Introduction to the 0+Ball

The 0+Ball was organized with many partners and it had a variety of issues it wanted to address, as will become clear later. The programme for the 0+Ball is included in appendix 4. The source material on which this case study is based consists of The Proceedings, published by the Center for Innovation and Cooperative Technology (CICT) at the University of Amsterdam, and 8 Personal Folders that were used by the organizers during the production of the 0+Ball. They are labelled: before the 1st of May, personal letters, correspondence IN/OUT, Caroline, 0+Network, Workshops and Debates, Fold and Follow UP and Documentation. The Personal Folders are rather chaotically archived and contain all kinds of material, which is no surprise because a number of people worked with them. Apart from all this written and printed documentation there is my own techno-biographical layer of perception because I was the producer of the event. An historical account that attempts to understand the significance of an event like the 0+Ball would also have to analyse the archives of all the partners involved and interview many people. Since I am exploring the design of presence in this case study I will only work with the above mentioned material. As a social scientist I will argue, in choosing this case study, that it was a moment of significance in the history of presence design. As Heleen Riper, one of the key-informants of this case study formulated it, the 0+Ball offered a multimedia mix 'avant la lettre'. Key-informants, who have reviewed this case study report, are Heleen Riper, David Garcia and Annette Verster. Both Heleen Riper, who was connected to the Centre for Collaborative Technology at the University of Amsterdam in 1990, and David Garcia, who was an independent visual artist in 1990, were co-producers of the 0+Ball. Annette Verster, who was connected to the GG&GD, the Health Service Amsterdam, collaborated with us as participating organization.note 132

Going through my Personal Folders so many years later, I now find notes, letters and traces of people who have since died; Andre Bongers and Eric Hamwijk, Matthew Lewis, Gregory Given, Martien Krouwel, Wick Ederveen, Peter Zuydervliet and Bart Eijrond, among others, were crucial in creating the 0+Ball and its off-shoots. Heleen Riper mentions Jeanine van Woerkom and Anita Bolderbei in this context, who were among the first women diagnosed with HIV in the Netherlands and who courageously demanded attention for the situation of women and HIV/AIDS. I have also found traces of people of whom I cannot say if they are alive or dead, but of the people who were diagnosed at the time with HIV or AIDS, I have to speculate about what might have happened to them. If they have died the cause may have been AIDS, but not necessarily so. I have met many people in my life of whose whereabouts I am now unsure, but the curse of being diagnosed with the virus changes the perception of one's own life as well as the perception of one's life by others. In 1990 there was no combination therapy, and HIV was not a chronic condition yet. Such a change of perception towards one another can easily be felt as humiliating as Martien Krouwel suggests: "Every human being is mortal, but why should I have to exchange my drive for life for waiting for death when I am seropositive? I work and live from a deep feeling that has nothing to do with the fact that I am seropositive" (Krouwel 1990, 116).note 133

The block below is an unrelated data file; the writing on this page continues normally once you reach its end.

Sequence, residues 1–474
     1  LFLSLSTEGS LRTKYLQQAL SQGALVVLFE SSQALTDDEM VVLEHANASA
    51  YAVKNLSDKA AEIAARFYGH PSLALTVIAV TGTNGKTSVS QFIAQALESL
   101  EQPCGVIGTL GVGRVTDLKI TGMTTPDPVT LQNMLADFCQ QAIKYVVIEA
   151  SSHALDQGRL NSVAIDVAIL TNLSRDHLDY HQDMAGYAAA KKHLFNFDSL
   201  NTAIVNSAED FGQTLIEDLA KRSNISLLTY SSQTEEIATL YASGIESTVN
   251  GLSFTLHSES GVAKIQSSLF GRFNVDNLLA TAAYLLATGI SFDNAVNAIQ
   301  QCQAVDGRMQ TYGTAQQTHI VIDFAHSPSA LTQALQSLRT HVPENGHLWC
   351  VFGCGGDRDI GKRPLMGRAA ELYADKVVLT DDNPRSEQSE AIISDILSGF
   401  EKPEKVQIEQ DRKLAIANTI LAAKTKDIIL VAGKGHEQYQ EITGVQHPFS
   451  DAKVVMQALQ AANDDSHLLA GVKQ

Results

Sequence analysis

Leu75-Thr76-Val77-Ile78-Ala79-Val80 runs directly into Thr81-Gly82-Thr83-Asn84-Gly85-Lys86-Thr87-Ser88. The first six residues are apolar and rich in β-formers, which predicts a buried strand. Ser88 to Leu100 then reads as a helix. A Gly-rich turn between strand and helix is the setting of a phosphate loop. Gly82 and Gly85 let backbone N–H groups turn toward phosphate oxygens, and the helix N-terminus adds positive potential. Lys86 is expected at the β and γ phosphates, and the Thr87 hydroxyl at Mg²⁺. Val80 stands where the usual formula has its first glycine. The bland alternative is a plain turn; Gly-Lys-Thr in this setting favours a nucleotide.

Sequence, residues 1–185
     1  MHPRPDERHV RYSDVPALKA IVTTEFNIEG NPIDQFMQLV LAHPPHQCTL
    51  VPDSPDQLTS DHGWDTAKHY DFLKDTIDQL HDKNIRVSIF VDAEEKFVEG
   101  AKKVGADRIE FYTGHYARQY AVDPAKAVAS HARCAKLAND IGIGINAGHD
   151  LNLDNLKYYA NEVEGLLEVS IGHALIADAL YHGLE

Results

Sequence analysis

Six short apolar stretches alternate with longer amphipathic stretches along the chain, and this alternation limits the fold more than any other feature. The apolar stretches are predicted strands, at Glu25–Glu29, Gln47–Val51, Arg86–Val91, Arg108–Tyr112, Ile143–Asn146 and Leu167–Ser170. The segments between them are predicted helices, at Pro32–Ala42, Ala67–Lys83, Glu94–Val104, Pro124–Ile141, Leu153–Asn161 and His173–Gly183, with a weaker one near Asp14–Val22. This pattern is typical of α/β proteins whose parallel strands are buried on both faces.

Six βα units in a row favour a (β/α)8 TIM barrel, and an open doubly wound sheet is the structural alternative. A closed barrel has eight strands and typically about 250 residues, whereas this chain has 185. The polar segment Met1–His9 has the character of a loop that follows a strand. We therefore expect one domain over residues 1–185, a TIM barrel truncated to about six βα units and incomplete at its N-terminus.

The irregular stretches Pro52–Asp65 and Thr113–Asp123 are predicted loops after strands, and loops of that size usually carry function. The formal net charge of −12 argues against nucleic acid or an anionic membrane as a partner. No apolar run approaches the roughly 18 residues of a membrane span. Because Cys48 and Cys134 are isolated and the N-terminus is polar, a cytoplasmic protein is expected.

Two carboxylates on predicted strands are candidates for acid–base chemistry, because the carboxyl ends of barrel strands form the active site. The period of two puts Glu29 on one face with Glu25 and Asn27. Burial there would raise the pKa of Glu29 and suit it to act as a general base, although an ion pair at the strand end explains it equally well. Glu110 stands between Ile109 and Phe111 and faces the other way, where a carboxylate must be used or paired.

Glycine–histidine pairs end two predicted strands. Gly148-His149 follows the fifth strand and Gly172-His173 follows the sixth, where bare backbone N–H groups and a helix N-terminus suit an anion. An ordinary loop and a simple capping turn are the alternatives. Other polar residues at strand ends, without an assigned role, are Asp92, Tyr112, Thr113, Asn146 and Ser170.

Below, I will first sketch the situation concerning AIDS and HIV in 1990, which was a very different situation than today. After that I will introduce ACT UP and the different partners that were collaborating in the 0+Ball. Then I will sketch at length how the 0+Ball came about, how we decided to do it, and after that I'll elaborate upon the production phase. The 0+Ball clearly built on the experience of the GHP. Notions like 'social interface', conveying 'trustworthiness', collaboration between different skills were all taken a step further. Therefore the production design was more elaborate from the perspective of presence and the design of trust in social interaction and collaboration. For this reason I focus mostly on the collaboration between people in describing the event.

My choice of describing the collaboration between the producers and participants in such detail stems from the writing of stories in the text laboratory, and I also made that choice because in 2006 many organizations are still struggling to discover how to orchestrate collaboration using different media. I will not discuss what happened literally during the days of the 0+Ball. The programme in appendix 4 gives a clear impression. I will focus explicitly on the way we designed the different presences in natural presence, mediated and witnessed presence in Paradiso, via the radio and the network. After these accounts I will reflect on certain issues that surfaced during the 0+Ball: The context of the concept of the 0+Network, Vital Information, Crucial network and Orchestrating Chaos.